Every time you have been insulted, every time you have been tortured, every time you have been lied on and laughed about…it’s reason to break out the streamers and party hats, time to sit down for the best steak and the finest wine, your reward is exponentially greater than your suffering. Your name has been added to a prestigious list of prophets who experienced the same things, and you share in their reward!

Thursday, February 21, 2008

Third time's a charm

I am a child of divorce. My mother married an abusive man, then left him when I was four. I never saw him again.

Mom remarried when I was six to the man I would call Dad, who adopted my brother and me. I barely remember the first father, and the second I idolized. He wanted me, adopted me, gave me his name.

But my adopted father was an attentive, angry, and intelligent man. His mood swings were intense, unsettling, and confusing. I never knew which personality I’d get on any given day, but it was normal for us.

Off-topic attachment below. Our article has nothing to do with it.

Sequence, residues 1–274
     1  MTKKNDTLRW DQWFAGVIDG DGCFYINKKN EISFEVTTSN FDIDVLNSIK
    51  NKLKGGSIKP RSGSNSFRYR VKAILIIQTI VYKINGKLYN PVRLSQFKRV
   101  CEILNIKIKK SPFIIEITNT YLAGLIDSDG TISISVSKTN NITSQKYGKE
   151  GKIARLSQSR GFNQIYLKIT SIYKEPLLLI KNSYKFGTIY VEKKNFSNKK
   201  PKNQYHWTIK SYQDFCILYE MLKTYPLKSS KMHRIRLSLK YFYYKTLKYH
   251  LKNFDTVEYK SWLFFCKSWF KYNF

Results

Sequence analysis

Read the rest of the story and find out about the third Father this child of divorce found here.

Tuesday, February 12, 2008

Broken from the start

In an essay in Real Simple magazine (March 2008, page 79), Jennifer Baumgardner writes of the child she had with a man she did not marry:

Still, while I believe that this coparenting arrangement is best for everyone, Skuli, now three, might not agree. The other night, after a family dinner, Gordon was heading out the door when Skuli said, "I don't want Daddy to go. He should stay." Gordon's face crumpled, and I felt like a witch. As our son gets older, I am going to hear this more, I assume, as we take on more of the contours of a traditional broken home. I feel a pang of loss that we can't all hang out in bed Saturday mornings and read the paper. I get weepy when I see that Ford Freestyle commercial where the family has a fun day at the beach and then drops the dad off at his prefab divorce apartment. The tears well for a few reasons: the sadness of Skuli's having to say good-bye so often to one of his parents, but also the reassurance of knowing there are so many once-together parents who now have joint custody (and manage just fine) that Ford is marketing to them.